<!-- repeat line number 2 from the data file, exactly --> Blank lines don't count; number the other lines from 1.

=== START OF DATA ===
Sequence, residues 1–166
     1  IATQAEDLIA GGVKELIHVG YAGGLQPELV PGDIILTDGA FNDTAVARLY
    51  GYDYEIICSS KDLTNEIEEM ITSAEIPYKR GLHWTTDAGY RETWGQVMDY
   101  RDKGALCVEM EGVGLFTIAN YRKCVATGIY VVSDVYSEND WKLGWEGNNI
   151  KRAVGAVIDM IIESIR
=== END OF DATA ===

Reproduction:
     1  IATQAEDLIA GGVKELIHVG YAGGLQPELV PGDIILTDGA FNDTAVARLY